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Main Kinematics & Dynamics Acceleration Lesson I.5.2 Unit I:Kinematics & Dynamics

Using Graphs to Determine Velocity - Lesson I.5.2

Key Terms:

Slope | Velocity | Graphing | IL, NUM, CCT

Determening Acceleration using Velocity versus Time Graphs

Acceleration can be determined using a velocity versus time graph by calculating the slope of the line. Since slope can be positive, negative or zero acceleration can also be positive, negative, or zero.

If a velocity-time graph is a straight line then the slope will be constant and therefore the acceleration of the object will be constant. This acceleration will be equal to the instantaneous acceleration at any point on the graph and it will be equal to the average acceleration of the object over any period of time. If a velocity-time graph is parabolic then the average acceleration over a period of time can be determined by

Acceleration equation

As you can see, you are really determining the slope of the straight line segment over the elapsed time.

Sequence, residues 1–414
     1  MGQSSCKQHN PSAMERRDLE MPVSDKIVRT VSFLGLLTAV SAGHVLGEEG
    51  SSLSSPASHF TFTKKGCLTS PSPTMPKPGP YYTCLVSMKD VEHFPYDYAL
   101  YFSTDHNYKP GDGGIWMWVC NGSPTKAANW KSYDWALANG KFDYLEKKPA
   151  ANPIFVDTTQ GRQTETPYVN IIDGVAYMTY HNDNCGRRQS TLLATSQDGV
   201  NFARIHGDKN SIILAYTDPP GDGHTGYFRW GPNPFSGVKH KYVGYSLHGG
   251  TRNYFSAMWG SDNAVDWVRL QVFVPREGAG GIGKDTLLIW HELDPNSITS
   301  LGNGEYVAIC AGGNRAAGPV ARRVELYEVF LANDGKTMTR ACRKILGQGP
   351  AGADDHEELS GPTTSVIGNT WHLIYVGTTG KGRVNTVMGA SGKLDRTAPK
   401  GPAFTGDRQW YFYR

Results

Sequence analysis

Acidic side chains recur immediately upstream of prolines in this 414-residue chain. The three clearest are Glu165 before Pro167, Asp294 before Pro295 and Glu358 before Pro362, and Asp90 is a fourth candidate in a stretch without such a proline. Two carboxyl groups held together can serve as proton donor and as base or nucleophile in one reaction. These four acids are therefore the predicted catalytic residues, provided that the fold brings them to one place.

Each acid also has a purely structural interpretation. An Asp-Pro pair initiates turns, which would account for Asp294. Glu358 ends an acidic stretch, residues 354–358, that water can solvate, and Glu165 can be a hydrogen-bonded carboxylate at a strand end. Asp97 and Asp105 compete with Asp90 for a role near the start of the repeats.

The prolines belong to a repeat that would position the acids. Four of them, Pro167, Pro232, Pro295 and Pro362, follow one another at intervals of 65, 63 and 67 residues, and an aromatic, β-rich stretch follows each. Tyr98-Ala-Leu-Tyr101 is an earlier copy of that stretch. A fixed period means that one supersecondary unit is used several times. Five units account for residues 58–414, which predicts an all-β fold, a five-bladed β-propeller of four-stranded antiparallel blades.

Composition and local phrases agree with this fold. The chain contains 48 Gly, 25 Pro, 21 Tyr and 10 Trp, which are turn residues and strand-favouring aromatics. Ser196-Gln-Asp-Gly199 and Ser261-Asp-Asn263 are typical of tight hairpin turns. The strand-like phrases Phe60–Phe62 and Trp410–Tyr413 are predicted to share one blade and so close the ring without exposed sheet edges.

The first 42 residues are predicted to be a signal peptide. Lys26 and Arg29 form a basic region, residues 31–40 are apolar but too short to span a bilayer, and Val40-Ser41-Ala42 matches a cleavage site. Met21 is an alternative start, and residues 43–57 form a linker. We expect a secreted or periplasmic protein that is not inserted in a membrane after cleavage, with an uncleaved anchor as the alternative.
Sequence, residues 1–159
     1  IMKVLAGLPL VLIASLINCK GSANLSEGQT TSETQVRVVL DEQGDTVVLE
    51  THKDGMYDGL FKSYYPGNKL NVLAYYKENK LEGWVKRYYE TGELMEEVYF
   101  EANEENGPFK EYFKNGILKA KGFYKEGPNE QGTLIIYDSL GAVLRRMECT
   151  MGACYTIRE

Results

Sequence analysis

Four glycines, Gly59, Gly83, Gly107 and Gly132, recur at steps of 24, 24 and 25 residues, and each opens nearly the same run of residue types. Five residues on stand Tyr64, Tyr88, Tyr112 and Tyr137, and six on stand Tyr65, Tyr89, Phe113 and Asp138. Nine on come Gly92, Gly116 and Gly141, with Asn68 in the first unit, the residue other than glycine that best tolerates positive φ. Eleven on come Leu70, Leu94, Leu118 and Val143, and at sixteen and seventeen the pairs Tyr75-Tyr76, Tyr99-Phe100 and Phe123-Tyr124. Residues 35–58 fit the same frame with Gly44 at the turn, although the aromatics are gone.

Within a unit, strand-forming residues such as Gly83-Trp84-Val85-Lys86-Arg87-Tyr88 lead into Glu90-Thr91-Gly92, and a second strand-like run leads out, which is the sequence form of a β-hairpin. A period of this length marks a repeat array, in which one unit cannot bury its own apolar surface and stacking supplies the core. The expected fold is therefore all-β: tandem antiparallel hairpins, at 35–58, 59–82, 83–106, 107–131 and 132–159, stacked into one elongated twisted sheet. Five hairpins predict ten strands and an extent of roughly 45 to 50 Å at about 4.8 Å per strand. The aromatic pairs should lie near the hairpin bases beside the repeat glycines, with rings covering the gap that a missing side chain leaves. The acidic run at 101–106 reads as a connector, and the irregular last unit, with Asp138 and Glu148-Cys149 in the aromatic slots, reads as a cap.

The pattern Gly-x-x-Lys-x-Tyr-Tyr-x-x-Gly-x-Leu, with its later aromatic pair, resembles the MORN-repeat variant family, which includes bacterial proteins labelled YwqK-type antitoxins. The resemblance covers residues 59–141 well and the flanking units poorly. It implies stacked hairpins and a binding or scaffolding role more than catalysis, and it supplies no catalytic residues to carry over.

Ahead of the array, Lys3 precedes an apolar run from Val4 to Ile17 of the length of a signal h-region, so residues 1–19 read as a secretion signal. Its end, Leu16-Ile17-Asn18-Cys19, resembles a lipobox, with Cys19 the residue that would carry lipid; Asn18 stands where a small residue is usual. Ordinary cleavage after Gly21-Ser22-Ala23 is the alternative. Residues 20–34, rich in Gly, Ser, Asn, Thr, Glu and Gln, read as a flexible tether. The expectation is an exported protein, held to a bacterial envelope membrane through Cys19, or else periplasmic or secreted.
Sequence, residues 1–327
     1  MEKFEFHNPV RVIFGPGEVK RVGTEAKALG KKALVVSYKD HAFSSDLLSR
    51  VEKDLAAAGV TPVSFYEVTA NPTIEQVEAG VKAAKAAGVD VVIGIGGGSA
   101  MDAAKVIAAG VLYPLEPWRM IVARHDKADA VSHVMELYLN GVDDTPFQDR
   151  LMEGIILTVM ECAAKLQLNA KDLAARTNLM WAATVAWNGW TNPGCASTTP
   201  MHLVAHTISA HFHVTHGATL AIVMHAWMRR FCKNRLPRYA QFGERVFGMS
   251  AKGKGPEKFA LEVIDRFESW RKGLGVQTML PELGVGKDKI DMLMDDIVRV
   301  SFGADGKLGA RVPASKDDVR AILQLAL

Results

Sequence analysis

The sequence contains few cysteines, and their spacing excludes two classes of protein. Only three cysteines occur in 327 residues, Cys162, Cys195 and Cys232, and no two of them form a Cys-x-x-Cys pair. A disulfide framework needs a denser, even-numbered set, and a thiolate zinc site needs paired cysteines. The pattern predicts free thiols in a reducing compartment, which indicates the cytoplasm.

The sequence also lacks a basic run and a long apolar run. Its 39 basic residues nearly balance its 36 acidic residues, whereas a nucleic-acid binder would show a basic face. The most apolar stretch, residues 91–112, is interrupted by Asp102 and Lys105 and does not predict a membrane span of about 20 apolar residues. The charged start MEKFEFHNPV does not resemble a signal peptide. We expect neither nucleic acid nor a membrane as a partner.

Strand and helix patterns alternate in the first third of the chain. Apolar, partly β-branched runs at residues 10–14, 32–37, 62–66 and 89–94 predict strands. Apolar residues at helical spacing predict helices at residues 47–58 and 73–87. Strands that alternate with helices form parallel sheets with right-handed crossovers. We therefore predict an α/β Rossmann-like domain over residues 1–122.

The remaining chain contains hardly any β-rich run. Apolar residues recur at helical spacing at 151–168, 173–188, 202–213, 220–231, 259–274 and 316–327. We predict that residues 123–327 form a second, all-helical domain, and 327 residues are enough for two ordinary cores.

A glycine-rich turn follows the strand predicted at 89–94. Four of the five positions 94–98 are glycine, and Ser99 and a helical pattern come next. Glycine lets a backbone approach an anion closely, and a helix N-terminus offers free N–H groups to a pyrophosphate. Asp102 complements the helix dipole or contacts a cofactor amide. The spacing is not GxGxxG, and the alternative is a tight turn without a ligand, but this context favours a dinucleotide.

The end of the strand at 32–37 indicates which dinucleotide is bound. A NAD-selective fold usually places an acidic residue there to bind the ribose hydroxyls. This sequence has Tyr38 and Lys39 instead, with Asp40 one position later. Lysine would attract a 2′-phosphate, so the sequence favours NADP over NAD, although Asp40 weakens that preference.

Slope equation

Instantaneous acceleration can also be determined using a velocity-time graph that is parabolic by determining the slope of the tangent line at a specific moment.

For example:

Determine the instantaneous acceleration of the object at 7.0 s.


 
 
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Slope =
=

 

 

As shown in the previous example, instantaneous acceleration can be determined using a velocity-time graph and calculating the slope of the tangent line at a specific moment. Instantaneous acceleration is also equal to the average acceleration at the halfway point of the calculated interval.

For example:

If the average acceleration of a Canadian Goose, over the interval of 1 s to 7 s, was 4.0 m/s/s [E] then the instantaneous acceleration of the Canadian Goose at 4 s would be 4.0 m/s/s [E].

  
Rollercoaster




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